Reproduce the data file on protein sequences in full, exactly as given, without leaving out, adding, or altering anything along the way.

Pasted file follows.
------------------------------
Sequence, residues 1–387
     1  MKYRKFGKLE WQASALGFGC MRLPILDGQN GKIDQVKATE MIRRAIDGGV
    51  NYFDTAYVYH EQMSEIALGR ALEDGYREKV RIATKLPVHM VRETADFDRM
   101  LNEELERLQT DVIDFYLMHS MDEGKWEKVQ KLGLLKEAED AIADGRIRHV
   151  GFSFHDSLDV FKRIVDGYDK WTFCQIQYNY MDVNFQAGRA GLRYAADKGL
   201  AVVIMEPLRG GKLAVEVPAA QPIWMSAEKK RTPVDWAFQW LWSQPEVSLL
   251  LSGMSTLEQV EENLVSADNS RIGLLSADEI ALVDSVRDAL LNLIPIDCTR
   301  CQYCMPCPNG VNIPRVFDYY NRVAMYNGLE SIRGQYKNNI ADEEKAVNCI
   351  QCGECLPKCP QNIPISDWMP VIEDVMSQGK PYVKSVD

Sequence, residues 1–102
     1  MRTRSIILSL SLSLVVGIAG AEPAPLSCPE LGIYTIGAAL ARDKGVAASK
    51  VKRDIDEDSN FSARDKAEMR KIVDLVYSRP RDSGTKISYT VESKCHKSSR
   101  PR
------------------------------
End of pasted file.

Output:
Sequence, residues 1–387
     1  MKYRKFGKLE WQASALGFGC MRLPILDGQN GKIDQVKATE MIRRAIDGGV
    51  NYFDTAYVYH EQMSEIALGR ALEDGYREKV RIATKLPVHM VRETADFDRM
   101  LNEELERLQT DVIDFYLMHS MDEGKWEKVQ KLGLLKEAED AIADGRIRHV
   151  GFSFHDSLDV FKRIVDGYDK WTFCQIQYNY MDVNFQAGRA GLRYAADKGL
   201  AVVIMEPLRG GKLAVEVPAA QPIWMSAEKK RTPVDWAFQW LWSQPEVSLL
   251  LSGMSTLEQV EENLVSADNS RIGLLSADEI ALVDSVRDAL LNLIPIDCTR
   301  CQYCMPCPNG VNIPRVFDYY NRVAMYNGLE SIRGQYKNNI ADEEKAVNCI
   351  QCGECLPKCP QNIPISDWMP VIEDVMSQGK PYVKSVD

Sequence, residues 1–102
     1  MRTRSIILSL SLSLVVGIAG AEPAPLSCPE LGIYTIGAAL ARDKGVAASK
    51  VKRDIDEDSN FSARDKAEMR KIVDLVYSRP RDSGTKISYT VESKCHKSSR
   101  PR